In the book I'm working out of it is recommended to first prove Part (a) and then use it as a lemma to prove Part (b). I believe I've proven Part (a) but am struggling with Part (b)... please see below for my proof of Part (a) and the prompt for Part (b).

Part (a)

Suppose $k$ is a positive integer. Prove that $\forall n \in \mathbb{N}, (k^2+n)!\ge k^{2n}$.

$Proof.$ We will prove this via mathematical induction.

Base Case. Since $k$ is positive we know $k>0$ then $k^2! > 0^2! > 1.$ Now let $n=0$ and observe that $(k^2+n)!=(k^2)! \ge 1 = k^{2(0)}=k^{2n}$.

Inductive Step. Assume $n\ge 0$ and $(k^2+n)!\ge k^{2n}$. Then

$$\begin{align} (k^2+(n+1))!&=(k^2+(n+1))\cdot (k^2+n)!\\ &\ge (k^2+(n+1))\cdot k^{2n} \quad\text {(by inductive hypothesis)}\\ &\ge (k^2)\cdot k^{2n} = k^{2(n+1)}. \end{align}$$

It follows by mathematical induction that $\forall n \in \mathbb{N}, (k^2+n)!\ge k^{2n}$. $\Box$

Part (b) Prove that $\forall n \ge 2k^2, n! \ge k^n$.

OK, so my approach here is to assume $n\ge 2k^2$ in the base case and then use Part (b) to show that $n! \ge k^n$... this is where I'm getting stuck. I see that Part (a) is structurally similar to what I'm trying to prove in Part (b) but I can't come up with an elegant way of applying Part (a) to the base case. Proceeding from here I would like to show that assuming $\forall n \ge 2k^2, n! \ge k^n \Rightarrow (n+1)! \ge k^{n+1}$ which I believe should be fairly easy given I can produce the base case.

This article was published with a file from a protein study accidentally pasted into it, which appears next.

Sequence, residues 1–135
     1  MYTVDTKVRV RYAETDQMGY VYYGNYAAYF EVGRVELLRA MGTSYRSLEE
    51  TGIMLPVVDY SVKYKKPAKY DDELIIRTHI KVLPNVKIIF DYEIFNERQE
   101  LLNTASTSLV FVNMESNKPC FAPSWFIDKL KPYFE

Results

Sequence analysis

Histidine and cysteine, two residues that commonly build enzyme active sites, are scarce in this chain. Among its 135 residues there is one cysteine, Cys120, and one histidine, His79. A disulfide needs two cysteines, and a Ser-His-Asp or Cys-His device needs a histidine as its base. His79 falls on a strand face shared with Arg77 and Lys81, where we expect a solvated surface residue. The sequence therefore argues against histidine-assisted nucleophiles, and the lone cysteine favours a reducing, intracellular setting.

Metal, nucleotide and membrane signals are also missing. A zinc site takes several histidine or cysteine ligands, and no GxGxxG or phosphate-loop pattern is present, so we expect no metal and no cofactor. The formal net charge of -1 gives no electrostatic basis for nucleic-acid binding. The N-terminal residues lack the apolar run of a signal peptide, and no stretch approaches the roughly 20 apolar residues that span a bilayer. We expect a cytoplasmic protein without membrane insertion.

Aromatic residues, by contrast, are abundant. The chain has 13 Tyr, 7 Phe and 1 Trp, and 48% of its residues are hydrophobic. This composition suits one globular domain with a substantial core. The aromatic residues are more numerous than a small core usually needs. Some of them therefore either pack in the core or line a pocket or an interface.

1 Answer 1


To apply part (a) to the base case, let $n=k^2$ so you have $(k^2 + k^2)! \geq k^{2n} \geq k^n $ from (a). This is precisely $(2k^2)! \geq k^{2n}$, your base case.

Now assume $n! \geq k^n$ and call this $(\star)$.

Then $(n+1)! = (n+1)n! > \underbrace{(n+1)k^n}_{\text{by} \, (\star)} > \underbrace{kk^n}_{\text{by} \, (\dagger)} = k^{n+1}$. That is: $(n+1)! > k^{n+1}.$

Since $n \geq 2k^2 \Rightarrow n+1 > k $, call this $(\dagger)$.


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